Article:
The debate over the type of charging plug used by electric vehicles (EVs) in North America has largely come to an end, with only a few car companies still holding out. However, these companies may want to reconsider their stance as more and more automakers join the Tesla fold.
On Tuesday, BMW announced its decision to adopt the North American Charging Standard (NACS) for its battery electric vehicles in the U.S. and Canada, starting in 2025. NACS, created by Tesla, essentially utilizes the Tesla plug. This move comes as BMW aims to provide its drivers with convenient access to reliable and fast charging.
According to BMW North America CEO Sebastian Mackensen, “With six fully electric BMW, MINI, and Rolls-Royce models now available in the U.S. market, and more to come, it is our top priority to ensure that our drivers have easy access to reliable, fast charging.” He further adds, “This agreement is the latest in our longstanding and continued effort to expand charging options for our customers as we continue on the road to electrification.”
BMW has seen significant success in the U.S. and abroad with its EVs. In the third quarter of 2023, the German automaker delivered a total of 621,699 vehicles, marking a 6% increase compared to the same period last year. Notably, all-battery electric vehicles (BEVs) accounted for 93,931 of these deliveries, reflecting an impressive 80% growth in just one year. BEVs now make up more than 15% of BMW’s total sales, a notable increase from the previous year’s figure of less than 9%.
Out of these BEVs, approximately 14% (13,000 vehicles) were sold in the U.S., while Tesla dominated the American market with nearly 157,000 BEVs sold in the third quarter.
As the competition in the EV industry intensifies, it becomes increasingly important for car companies to align their charging standards with widely adopted norms. By embracing NACS, BMW is taking a significant step towards providing its customers with seamless charging experiences and contributing to the overall advancement of electric mobility.
Electric Vehicle Charging Plug Trends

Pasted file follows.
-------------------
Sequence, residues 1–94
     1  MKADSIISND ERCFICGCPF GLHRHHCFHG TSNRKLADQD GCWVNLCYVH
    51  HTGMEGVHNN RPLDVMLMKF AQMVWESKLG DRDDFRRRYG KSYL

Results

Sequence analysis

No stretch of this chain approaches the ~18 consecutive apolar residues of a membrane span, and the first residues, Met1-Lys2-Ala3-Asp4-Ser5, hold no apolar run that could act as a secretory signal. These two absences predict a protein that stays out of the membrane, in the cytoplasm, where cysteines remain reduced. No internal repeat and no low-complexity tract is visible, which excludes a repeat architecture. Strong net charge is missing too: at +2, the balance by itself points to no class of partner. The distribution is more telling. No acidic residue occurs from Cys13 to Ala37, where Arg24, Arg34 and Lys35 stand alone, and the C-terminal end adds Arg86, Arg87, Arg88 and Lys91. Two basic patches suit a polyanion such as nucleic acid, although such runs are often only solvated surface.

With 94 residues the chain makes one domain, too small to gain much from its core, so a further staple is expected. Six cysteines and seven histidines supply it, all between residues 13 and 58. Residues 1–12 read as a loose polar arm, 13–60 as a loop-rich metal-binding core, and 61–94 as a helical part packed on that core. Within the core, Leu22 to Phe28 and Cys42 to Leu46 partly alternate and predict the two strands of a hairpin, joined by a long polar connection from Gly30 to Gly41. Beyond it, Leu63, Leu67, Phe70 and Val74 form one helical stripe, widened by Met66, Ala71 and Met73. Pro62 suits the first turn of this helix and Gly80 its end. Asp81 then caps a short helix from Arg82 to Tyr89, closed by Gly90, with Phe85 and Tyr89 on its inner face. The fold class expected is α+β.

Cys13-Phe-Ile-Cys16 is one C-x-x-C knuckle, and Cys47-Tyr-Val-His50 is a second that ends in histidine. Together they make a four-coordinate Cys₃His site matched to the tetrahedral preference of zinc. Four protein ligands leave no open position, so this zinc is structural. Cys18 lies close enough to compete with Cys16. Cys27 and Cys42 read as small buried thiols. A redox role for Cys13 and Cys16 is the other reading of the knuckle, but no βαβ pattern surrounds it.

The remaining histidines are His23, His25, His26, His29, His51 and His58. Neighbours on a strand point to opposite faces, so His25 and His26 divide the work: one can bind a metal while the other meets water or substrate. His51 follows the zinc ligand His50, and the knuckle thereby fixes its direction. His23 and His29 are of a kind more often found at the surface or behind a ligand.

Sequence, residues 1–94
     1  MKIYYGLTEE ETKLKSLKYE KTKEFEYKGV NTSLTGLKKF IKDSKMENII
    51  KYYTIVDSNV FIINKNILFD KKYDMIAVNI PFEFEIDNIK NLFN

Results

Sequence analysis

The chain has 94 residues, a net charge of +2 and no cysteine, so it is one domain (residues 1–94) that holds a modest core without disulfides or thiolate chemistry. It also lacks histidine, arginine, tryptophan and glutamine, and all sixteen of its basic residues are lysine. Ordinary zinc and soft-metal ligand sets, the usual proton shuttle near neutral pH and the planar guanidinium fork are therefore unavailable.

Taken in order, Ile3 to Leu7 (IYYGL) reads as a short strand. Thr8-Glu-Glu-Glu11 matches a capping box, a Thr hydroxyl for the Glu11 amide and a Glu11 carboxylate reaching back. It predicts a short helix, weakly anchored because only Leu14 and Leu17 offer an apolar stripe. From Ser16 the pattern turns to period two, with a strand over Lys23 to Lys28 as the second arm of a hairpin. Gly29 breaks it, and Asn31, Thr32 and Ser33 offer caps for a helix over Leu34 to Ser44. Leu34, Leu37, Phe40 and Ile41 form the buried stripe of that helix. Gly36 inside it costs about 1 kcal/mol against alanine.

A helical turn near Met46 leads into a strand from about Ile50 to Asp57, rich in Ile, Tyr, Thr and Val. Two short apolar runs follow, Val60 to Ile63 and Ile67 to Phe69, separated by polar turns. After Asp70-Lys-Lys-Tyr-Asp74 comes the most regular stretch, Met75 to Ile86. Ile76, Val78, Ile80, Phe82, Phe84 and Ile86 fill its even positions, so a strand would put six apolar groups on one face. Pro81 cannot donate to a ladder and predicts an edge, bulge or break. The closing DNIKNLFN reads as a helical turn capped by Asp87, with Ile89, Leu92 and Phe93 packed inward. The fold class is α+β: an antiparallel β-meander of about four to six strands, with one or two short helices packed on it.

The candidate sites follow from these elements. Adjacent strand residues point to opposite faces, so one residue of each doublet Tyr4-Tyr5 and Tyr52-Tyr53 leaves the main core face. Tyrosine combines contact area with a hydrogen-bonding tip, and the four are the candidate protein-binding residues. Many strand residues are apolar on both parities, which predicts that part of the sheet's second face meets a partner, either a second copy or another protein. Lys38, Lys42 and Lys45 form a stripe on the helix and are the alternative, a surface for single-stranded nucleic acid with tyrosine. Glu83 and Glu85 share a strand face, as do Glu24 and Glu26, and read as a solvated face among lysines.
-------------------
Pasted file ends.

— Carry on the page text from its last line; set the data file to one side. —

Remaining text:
As the electric vehicle (EV) market continues to grow, major automakers are making decisions about the type of charging plug they will utilize. Companies such as BMW, Ford Motor, General Motors, Polestar Automotive, Volvo, Mercedes-Benz, Hyundai Motor, Kia, Honda Motor, Nissan, and Rivian Automotive have all opted to use the NACS plug, joining a growing list of EV manufacturers adopting this standard.
However, some notable players have chosen not to adopt the NACS plug. Toyota Motor, Stellantis, and Volkswagen remain steadfast in their decision not to switch. Smaller companies like Lucid and Mazda have also refrained from announcing any plug updates.
No Immediate Response
When reached for comment about their charging plug plans, the aforementioned five automakers did not immediately respond. It is interesting to note their silence on this matter.
The CCS Plug
Currently, other EVs in North America use a different plug known as CCS (Combined Charging System). While this plug is an alternative, it is important to highlight that adapters can be used to access different charging systems. Tesla drivers, for example, can use CCS stations, and soon other EV owners will be able to use Tesla’s dedicated stations. However, having a standardized plug across the industry offers simplicity and cost-effectiveness. Additionally, for Tesla, it is a revenue stream due to its ownership of the charging stations.
Following the news about the adoption of the NACS plug, Tesla’s stock experienced a decline of 1.9% in early trading on Wednesday. Comparatively, the S&P 500 and Nasdaq Composite saw decreases of 0.6% and 0.7%, respectively. Interestingly, investors have become accustomed to such agreements and their impact on Tesla’s stock price after similar occurrences in the past. Consequently, BMW’s stock also fell by 0.4% in overseas trading on Wednesday.
In the ever-evolving landscape of EV technology, the choice of charging plug is a significant consideration for automakers. While some have embraced the NACS plug, others, including industry giants like Toyota, Stellantis, and Volkswagen, have chosen a different path. Ultimately, the decision affects not only the automakers but also the consumers and the overall infrastructure for EV charging.